Mo'ne Davis is living proof of how powerful girls can be when they're given ample opportunity and resources to chase their dreams.
The 13-year-old Little League champion, who became an overnight celebrity in August, was awarded the Associated Press Female Athlete of the Year Award for 2014 on Monday — the youngest ever recipient of the award. Her badass pitching abilities helped her best tennis pro Serena Williams for the coveted title.
However, this award is only the most recent in a long line of accolades. Davis graced the cover of Sports Illustrated in August, landed a spot on Time's Most Influential Teens list, was named Sports Illustrated Kids' Sport Kid of the Year, starred in a Chevrolet commercial, marched in the Macy's Thanksgiving Day Parade and even met the Obamas at the White House. And those are just a few of her distinctions.
That's a lot of success for any person, let alone an eighth grader.
Girls need role models like Mo'ne Davis. The young star's accomplishments are impressive, but so is the message she sends: Women don't have to wait until adulthood to follow their dreams, and they certainly don't have to abide by outdated gender stereotypes. "No matter who you are, you should be able to do what you like to do and what you've always dreamed of doing," she told ESPN.
Davis also demonstrates enviable confidence, a trait often celebrated in teen boys but yet distressingly discouraged for some teen girls (lest they seem overly bossy or assertive). This "gendered disparity" in confidence continues into adulthood, notes Jessica Valenti, although she adds that it "is not a personal defect as much as it is a reflection of a culture that gives women no reason to feel self-assured."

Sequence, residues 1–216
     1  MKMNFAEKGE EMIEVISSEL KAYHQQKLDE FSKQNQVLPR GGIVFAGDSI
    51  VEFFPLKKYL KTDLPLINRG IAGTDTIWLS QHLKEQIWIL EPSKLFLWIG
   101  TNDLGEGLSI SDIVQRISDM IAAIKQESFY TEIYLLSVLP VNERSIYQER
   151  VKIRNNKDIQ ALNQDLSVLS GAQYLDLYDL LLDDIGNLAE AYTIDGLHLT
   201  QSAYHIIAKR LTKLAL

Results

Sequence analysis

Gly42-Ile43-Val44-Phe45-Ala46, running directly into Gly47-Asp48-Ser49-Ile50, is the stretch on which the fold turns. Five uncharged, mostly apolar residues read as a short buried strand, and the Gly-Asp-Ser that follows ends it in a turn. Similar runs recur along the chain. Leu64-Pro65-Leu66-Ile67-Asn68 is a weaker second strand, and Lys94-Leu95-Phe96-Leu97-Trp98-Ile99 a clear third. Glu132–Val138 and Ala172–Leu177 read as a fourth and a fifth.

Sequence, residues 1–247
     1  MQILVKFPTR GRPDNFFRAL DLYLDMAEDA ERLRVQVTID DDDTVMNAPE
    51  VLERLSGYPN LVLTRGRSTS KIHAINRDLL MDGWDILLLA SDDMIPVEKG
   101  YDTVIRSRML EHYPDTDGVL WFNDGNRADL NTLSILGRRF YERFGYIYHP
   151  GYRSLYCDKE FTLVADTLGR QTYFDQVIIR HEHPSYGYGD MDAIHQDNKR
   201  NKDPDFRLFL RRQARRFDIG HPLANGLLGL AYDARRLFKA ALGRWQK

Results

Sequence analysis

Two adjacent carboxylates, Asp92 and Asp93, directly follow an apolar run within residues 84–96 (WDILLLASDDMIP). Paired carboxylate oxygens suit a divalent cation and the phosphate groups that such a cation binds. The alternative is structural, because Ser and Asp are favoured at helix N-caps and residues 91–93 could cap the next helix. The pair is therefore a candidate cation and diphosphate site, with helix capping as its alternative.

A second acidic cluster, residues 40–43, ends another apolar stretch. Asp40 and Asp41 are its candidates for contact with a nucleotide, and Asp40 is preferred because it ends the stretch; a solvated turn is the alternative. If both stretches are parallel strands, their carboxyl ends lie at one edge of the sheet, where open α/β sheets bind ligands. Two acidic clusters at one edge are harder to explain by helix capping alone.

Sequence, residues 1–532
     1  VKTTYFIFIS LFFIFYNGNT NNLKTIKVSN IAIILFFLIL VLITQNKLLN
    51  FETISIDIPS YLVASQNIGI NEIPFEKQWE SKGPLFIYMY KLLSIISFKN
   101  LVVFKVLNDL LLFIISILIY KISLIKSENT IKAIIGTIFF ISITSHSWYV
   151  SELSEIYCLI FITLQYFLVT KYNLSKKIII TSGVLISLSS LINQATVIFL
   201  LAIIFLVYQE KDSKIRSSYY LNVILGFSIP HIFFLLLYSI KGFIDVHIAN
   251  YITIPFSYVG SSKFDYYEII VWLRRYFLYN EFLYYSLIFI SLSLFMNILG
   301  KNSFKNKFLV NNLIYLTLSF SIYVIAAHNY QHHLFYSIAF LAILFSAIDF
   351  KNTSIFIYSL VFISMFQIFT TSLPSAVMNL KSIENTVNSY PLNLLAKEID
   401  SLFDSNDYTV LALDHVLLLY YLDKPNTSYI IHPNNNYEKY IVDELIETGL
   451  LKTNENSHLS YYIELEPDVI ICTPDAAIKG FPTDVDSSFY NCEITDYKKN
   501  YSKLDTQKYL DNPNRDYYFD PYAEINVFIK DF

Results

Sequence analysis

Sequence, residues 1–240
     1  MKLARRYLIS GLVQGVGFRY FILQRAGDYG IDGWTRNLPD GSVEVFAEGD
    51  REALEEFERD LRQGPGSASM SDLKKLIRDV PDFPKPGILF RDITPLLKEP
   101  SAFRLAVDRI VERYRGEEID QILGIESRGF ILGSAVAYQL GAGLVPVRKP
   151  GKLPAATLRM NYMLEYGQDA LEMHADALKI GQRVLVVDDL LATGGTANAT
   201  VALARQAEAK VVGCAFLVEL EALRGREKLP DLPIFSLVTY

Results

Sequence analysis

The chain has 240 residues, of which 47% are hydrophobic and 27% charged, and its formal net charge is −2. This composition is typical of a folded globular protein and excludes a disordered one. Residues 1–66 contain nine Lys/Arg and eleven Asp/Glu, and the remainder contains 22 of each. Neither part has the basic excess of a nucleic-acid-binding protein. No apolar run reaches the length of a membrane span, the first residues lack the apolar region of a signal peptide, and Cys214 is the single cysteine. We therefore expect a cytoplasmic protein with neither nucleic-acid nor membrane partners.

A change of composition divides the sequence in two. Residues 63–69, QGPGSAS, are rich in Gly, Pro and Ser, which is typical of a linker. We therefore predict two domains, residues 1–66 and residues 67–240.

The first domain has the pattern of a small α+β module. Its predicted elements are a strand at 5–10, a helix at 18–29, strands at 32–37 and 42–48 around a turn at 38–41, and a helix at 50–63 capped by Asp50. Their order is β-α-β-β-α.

In contrast, it's refreshing to hear Davis' self-assuredness. "I'll probably either be the first female in the MLB or in the NBA," she said on the Today Show in August.
But even more than role models, girls need resources. Davis is exceptional, not just for her work ethic and natural talent, but in terms of the support and resources she's been provided. She has the advantages of family support, access to a private school with athletic training and equipment, and outside coaches.
Unfortunately, not every girl has these opportunities.
Gender inequality infiltrates girls' lives on a daily basis, impacting their ability to thrive from birth, in some cases. For example, according to nonprofit Girl Rising, over 60 millions girls worldwide don't (for many reasons) attend primary school. Those who do receive an education may be met with gendered obstacles and biases along the way. Then, of course, there's the global devaluing of girls at home, a phenomenon that creates a ripple effect of negative consequences, including physical violence, child marriage and much worse.
In other words, young girls may be bursting with untapped potential, but unless they have the resources to realize those dreams, they may end up stifled.
2014: Year of the Girl. You can't overemphasize the value of role models, like Davis and her slightly older compatriot Malala Yousafzai. Together with converted advocacy and support, they are the key to unlocking progress — not just on an individual level, but an institutional one.
"I have a name, and it's not anonymous or insignificant or unworthy waiting to be called," reads the Girl Declaration, a document signed by Yousafzai and dozens of other influential thinkers and advocates. "This is the moment when my rising no longer scares you. This is the moment when being a girl became my strength, my sanctuary, not my pain."
As the Girl Scout Council's Lidia Soto-Harmon wrote for the Shriver Report, "We must provide girls with safe and supportive environments that allow them to reach their full potential. When we add in caring and committed ... mentors, we have a recipe for success for everyone. Because when girls succeed, so does our society."